• Lego unveils its first ever wheelchair-bound mini-figure. (Getty Images)Source: Getty Images
Lego’s tiny change is making a positive impact on the lives of millions of disabled children and their families.
By
Jody Phan

10 Feb 2016 - 1:20 PM  UPDATED 10 Feb 2016 - 1:25 PM

Lego has made a huge impact on 150 million disabled children and their parents worldwide with its latest product launch.

Unveiled at the Nuremberg toy fair in Germany last week, the new wheelchair-bound toy is Lego’s response to a viral change.org campaign started by Rebecca Atkinson, a partially blind and partially deaf mum of two who is calling on toy manufacturers to represent disability in their creations. 

He may be only an inch tall, but the beanie-wearing mini-figure represents a much bigger message.

“We've got genuine tears of joy right now,” Atkinson wrote in a campaign update. While this is a big win for the UK journalist and her #ToyLikeMe campaign, it’s not the first time a toy company has listened to her plea for morerealistic representations of people in toys.

German toy giant Playmobil have also been working on a line of characters with disabilities with Atkinson as their consultant.

In April 2015, British toy company MakieLab were inspired by #ToyLikeMe to release a line of accessories for their 3D-printed dolls that would allow children to customise their dolls with disability add-ons such as hearing aids, a walking stick, as well as birthmarks and scars.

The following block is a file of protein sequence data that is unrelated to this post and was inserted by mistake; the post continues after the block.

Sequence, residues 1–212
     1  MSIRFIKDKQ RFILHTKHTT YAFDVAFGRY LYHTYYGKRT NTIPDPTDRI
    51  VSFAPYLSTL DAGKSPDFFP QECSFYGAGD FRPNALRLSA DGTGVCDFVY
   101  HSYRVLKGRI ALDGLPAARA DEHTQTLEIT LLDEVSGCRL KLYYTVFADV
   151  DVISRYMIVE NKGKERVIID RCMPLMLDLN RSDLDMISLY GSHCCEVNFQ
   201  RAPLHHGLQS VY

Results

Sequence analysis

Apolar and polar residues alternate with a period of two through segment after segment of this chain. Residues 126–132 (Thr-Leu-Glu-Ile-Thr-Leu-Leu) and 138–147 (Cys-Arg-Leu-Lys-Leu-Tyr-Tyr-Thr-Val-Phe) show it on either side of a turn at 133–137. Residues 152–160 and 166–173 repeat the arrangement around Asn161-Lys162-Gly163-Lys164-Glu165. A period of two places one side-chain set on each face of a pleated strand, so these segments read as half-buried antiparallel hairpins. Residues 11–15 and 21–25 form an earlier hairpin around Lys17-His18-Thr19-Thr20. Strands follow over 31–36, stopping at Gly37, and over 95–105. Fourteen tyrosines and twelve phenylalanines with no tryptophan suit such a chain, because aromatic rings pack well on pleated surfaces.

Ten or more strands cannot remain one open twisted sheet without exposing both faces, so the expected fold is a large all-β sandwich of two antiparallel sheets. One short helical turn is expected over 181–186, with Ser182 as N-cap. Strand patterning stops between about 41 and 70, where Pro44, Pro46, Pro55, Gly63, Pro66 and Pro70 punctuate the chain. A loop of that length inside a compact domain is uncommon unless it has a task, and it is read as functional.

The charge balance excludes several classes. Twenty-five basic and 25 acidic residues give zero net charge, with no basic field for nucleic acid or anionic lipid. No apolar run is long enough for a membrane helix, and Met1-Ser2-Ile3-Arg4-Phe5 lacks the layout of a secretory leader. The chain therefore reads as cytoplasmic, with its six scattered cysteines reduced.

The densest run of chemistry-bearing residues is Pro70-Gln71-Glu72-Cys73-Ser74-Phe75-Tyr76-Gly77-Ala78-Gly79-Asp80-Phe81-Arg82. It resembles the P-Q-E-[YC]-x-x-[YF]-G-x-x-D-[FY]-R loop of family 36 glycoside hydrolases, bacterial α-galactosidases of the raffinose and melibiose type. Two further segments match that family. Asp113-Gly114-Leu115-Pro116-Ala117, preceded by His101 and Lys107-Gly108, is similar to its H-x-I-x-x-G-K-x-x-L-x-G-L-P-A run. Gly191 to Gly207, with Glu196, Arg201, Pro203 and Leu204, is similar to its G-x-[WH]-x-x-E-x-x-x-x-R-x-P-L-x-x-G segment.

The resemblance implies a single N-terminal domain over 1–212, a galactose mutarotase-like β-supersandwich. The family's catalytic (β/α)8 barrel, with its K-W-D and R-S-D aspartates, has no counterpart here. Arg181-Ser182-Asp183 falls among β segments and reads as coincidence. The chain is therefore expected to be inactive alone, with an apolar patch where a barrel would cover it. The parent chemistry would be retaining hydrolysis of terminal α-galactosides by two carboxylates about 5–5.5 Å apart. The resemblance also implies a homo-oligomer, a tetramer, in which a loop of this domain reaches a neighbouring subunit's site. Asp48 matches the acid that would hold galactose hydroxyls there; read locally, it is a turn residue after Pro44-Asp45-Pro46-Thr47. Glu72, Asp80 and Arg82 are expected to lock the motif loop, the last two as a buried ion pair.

German toy giant Playmobil have also been working on a line of characters with disabilities with Atkinson as their consultant. The collaboration comes after a petition directed at Playmobil to “change the way kids view disability by including it in the toy box,” which received overwhelming support from over 50,000 signatories. The toys are due to be released in 2017.

Recently, Barbie’s makers Mattel announced a more diverse line of dolls with hair textures, skin colours and facial structures which look dramatically different to the blonde-haired, blue-eyed Barbie introduced 56 years ago.

The radical change sends an important message to children, says Robert Best, Mattel's Senior Director of Product Design. "We have to let young girls know it doesn't matter what shape you come in -- anything is possible," he explained.

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